More than 2,000 students have been pursuing enrichment, academic intervention or skill-building this summer on four Palo Alto campuses.
About 650 elementary students finished up their 18-day summer programs Wednesday at Ohlone and Nixon elementary schools.
Nearly 1,000 middle school students got an early taste of high school by taking summer classes at Gunn High School due to construction on Palo Alto's three middle school campuses.
At the high school level, located this year at Palo Alto High School, this week was semester break. The program — attended by 500 the first semester and an expected 400 the second — is focused mainly on "credit recovery," with fewer electives than the number offered for younger students.
Summer school can be a chance to pick up a new skill, prepare for a new subject in the fall, make up lost credit or just have fun.
At Gunn this week, each of about 25 middle schoolers played on a large screen in a darkened room in Maureen Willis' class in Multimedia, Internet and Web Page Design.
The students used HTML coding to build their own poetry websites and experimented with software programs.
"Typically I teach them something the first hour and the second hour is their chance to learn something new," said Willis, who has taught in Palo Alto middle schools for 15 years, most recently at JLS.
"Some students become experts in their chosen fields, and they teach the others."
A seventh-grade boy named Vinay proudly showed off his Photoshop drawing of a character chopping down a tree.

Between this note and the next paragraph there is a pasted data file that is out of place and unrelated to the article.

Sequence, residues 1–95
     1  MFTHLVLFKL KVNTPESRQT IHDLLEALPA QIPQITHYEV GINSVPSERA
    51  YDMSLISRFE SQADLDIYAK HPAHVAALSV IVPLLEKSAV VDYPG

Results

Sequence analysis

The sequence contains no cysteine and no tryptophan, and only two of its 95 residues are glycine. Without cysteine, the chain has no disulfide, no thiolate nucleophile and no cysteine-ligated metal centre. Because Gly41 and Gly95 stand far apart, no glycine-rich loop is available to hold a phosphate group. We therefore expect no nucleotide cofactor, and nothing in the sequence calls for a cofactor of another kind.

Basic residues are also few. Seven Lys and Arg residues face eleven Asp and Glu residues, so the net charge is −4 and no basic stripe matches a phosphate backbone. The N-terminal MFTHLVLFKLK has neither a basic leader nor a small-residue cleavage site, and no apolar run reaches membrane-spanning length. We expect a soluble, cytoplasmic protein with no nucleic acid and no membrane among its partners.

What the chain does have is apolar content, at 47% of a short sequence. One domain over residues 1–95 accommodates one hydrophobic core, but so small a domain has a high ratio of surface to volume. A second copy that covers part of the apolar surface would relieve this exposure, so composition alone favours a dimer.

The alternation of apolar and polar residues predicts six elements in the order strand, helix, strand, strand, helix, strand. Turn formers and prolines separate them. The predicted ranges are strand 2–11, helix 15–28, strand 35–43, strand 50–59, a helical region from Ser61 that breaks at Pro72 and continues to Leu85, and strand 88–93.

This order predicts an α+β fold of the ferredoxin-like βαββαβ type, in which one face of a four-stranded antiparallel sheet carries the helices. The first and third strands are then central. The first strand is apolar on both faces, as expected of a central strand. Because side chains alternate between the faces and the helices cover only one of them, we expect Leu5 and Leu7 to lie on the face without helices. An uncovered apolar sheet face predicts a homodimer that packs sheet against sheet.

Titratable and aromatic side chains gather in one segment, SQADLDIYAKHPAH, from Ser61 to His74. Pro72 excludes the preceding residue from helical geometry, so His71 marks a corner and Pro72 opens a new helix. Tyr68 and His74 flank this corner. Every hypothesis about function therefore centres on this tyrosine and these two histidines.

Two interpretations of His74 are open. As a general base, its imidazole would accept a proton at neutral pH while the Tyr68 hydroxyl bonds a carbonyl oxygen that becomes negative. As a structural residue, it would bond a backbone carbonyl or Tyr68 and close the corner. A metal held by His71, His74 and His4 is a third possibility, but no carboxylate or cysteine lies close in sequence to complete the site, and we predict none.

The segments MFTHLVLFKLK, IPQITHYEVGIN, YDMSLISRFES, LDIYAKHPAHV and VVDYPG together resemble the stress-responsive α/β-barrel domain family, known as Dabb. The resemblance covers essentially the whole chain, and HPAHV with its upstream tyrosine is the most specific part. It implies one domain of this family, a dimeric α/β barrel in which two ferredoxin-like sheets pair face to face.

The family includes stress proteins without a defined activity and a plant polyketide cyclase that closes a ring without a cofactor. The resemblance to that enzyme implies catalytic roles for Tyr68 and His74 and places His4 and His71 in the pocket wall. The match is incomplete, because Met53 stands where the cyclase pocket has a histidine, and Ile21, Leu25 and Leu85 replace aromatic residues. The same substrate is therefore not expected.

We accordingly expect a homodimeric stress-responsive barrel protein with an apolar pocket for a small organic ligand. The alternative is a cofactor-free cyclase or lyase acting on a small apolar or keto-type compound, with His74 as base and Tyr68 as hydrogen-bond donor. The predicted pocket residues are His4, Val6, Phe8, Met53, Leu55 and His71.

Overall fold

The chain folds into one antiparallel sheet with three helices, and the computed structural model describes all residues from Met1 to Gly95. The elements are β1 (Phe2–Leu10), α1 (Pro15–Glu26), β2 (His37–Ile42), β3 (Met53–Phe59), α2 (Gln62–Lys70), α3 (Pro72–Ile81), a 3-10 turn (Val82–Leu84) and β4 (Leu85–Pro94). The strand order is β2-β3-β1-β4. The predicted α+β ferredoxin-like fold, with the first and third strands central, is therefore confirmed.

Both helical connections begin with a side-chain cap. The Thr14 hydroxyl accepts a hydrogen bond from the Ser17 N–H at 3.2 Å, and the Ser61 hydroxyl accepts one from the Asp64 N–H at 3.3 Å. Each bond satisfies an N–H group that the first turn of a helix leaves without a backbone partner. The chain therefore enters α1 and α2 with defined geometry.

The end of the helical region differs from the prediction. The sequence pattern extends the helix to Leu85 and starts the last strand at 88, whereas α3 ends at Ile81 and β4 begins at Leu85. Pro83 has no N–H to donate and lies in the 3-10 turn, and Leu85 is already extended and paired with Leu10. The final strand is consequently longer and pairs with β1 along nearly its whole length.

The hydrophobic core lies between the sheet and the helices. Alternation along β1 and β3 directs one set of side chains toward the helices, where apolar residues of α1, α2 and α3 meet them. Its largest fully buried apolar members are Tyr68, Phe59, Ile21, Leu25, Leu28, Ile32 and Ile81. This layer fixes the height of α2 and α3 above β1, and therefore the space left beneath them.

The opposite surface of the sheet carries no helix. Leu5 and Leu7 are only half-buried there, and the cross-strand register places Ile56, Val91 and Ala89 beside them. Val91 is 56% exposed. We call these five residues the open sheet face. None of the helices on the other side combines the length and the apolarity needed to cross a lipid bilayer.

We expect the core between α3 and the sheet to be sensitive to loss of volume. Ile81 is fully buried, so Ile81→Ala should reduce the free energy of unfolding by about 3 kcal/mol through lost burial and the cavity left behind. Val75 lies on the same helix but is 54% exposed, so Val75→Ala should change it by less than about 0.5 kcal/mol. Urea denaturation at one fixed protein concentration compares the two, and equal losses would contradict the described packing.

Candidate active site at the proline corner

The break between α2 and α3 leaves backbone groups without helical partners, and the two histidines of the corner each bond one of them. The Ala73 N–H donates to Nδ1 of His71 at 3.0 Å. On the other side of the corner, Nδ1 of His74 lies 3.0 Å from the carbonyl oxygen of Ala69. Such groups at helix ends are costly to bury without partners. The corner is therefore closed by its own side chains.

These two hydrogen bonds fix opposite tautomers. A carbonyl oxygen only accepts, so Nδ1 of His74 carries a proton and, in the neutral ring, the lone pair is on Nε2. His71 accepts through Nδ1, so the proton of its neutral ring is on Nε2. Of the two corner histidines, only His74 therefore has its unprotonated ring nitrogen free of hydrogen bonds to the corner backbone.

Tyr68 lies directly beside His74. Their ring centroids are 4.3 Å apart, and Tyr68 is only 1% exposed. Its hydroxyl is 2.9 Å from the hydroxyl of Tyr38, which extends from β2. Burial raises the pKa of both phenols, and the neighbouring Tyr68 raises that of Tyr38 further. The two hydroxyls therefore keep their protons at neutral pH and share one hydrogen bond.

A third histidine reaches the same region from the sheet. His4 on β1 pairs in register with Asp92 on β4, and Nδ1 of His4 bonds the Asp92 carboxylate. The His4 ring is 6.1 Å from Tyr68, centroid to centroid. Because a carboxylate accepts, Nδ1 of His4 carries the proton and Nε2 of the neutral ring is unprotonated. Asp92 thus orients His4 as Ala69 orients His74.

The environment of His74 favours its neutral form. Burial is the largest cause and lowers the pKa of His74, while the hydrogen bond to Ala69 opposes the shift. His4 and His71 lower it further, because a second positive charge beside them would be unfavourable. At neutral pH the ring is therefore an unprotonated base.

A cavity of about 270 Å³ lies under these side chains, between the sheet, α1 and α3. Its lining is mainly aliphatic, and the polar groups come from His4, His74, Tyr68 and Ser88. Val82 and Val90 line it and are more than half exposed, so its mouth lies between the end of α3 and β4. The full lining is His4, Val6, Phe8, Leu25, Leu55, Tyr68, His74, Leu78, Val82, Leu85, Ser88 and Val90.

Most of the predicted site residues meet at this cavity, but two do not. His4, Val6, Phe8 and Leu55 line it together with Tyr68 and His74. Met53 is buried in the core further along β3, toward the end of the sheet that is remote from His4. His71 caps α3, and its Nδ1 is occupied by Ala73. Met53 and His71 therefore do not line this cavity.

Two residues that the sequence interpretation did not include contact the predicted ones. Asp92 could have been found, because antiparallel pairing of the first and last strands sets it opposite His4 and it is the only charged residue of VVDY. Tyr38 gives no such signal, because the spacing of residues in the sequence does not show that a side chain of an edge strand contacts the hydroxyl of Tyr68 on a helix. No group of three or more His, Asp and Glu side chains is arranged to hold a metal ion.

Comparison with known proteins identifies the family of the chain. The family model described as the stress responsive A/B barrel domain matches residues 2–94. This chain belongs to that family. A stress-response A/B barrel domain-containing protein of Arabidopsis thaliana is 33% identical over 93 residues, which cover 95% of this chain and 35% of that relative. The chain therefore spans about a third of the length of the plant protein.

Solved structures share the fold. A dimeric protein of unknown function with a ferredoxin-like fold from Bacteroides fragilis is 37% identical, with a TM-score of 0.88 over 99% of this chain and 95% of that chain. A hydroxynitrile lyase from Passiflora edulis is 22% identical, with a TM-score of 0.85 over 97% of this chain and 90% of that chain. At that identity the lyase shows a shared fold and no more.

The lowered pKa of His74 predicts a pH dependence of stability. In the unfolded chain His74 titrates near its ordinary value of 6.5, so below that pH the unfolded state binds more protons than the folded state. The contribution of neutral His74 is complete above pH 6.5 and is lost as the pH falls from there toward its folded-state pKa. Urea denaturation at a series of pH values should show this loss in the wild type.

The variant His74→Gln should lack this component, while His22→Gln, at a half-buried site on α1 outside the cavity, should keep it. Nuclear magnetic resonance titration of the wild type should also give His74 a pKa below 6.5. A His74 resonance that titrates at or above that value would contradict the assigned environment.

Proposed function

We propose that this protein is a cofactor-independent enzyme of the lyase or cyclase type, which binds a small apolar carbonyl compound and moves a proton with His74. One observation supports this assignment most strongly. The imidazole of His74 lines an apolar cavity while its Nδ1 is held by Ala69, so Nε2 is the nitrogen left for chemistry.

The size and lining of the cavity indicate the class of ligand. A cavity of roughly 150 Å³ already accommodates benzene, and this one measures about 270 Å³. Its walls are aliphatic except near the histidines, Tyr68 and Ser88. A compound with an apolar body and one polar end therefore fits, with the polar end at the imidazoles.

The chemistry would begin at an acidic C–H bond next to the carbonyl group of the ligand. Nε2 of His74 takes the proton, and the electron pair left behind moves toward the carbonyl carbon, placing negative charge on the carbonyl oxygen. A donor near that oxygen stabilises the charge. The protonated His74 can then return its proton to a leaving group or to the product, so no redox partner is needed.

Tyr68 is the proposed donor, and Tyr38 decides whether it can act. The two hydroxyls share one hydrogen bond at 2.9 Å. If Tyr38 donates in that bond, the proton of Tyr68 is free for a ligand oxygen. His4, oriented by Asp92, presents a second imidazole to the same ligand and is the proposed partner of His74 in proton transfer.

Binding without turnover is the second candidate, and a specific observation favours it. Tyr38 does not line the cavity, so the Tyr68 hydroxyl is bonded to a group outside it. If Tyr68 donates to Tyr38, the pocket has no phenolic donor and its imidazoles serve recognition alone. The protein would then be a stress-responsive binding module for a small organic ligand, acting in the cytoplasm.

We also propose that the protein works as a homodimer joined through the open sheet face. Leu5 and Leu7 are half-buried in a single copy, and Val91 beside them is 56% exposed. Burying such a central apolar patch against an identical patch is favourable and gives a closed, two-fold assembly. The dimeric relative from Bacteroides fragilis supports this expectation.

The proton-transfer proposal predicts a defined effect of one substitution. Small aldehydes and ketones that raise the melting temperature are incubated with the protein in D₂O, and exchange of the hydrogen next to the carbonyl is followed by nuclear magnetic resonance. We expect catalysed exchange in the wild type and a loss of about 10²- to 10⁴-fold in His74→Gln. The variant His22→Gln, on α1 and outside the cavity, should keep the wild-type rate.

On the other side of the room, seventh-grader Angel called Willis over to see her turkey with flashing colored feathers, which she had created with Adobe Fireworks animation software.
A few students figured out how to add music to their websites, and soon the information had spread to the whole class.
"They went out on the Internet and dug until they figured out how to do it," Willis said. "It's so much fun to see the knowledge start in the corner and travel around the room."
Sometimes, kids don't even realize they're learning programming, she said.
"They just think they're teaching dragons to fly."
In the math department, kids worked in small groups either in intervention classes for students needing extra help or skill-building classes for student who want to sharpen their math skills.
The Teenage Gourmet class was going on in the Gunn kitchen, where students were preparing seven-layer cake.
Sixth-graders Aria and Tyler listed the ingredients: marshmallows, Oreos, white chocolate, chocolate chips, sprinkles, condensed milk and confetti cake mix.
"It's not the healthiest, but this is the last day of summer school so they get sugar on top of sugar," said teacher Erica Goldsworthy, a Jordan Middle School science teacher during the regular school year.
Earlier the teenage cooks had mastered some healthier options including pizza, veggie platters, French toast and pasta salad, Goldsworthy said.
In the music room, teacher Teresa Merchant conducted six young violinists in the American fiddle tune "Devil's Dream" as well as "America" and the "Star Spangled Banner" in preparation for a concert for parents scheduled for Thursday.